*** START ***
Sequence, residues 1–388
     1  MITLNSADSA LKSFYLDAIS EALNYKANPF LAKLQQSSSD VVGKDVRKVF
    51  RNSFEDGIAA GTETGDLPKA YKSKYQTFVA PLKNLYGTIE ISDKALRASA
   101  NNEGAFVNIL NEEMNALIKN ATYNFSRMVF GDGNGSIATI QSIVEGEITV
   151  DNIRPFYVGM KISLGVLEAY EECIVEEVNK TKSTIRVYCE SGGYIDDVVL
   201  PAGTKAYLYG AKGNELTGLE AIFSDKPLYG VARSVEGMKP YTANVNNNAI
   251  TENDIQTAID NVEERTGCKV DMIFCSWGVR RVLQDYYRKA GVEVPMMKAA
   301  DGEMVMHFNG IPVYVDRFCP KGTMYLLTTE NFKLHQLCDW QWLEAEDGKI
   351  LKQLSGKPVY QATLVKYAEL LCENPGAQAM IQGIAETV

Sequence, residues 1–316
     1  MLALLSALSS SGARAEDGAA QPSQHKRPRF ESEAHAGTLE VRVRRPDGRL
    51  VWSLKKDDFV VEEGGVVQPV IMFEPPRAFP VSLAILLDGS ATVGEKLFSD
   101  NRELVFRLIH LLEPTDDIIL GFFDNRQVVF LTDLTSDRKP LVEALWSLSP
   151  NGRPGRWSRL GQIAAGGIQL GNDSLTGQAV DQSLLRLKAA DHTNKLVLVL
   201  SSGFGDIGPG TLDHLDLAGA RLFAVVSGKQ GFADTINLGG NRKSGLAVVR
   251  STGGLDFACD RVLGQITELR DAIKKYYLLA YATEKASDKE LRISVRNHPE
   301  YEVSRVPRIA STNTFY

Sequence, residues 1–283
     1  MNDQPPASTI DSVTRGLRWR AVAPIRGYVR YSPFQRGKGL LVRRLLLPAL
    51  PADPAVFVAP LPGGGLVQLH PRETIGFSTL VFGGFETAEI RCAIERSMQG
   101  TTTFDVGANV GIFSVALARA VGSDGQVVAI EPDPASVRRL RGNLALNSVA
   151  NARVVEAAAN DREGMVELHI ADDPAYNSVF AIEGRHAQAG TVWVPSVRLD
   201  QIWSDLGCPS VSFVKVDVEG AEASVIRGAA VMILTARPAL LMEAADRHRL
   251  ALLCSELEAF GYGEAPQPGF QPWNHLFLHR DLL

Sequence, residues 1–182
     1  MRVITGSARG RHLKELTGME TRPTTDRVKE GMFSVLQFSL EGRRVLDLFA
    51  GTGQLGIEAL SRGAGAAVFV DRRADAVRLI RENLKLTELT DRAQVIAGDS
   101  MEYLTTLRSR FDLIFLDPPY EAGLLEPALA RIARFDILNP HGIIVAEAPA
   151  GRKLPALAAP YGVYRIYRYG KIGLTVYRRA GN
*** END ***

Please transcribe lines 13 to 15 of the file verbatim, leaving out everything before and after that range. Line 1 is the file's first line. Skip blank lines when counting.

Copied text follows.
   101  NRELVFRLIH LLEPTDDIIL GFFDNRQVVF LTDLTSDRKP LVEALWSLSP
   151  NGRPGRWSRL GQIAAGGIQL GNDSLTGQAV DQSLLRLKAA DHTNKLVLVL
   201  SSGFGDIGPG TLDHLDLAGA RLFAVVSGKQ GFADTINLGG NRKSGLAVVR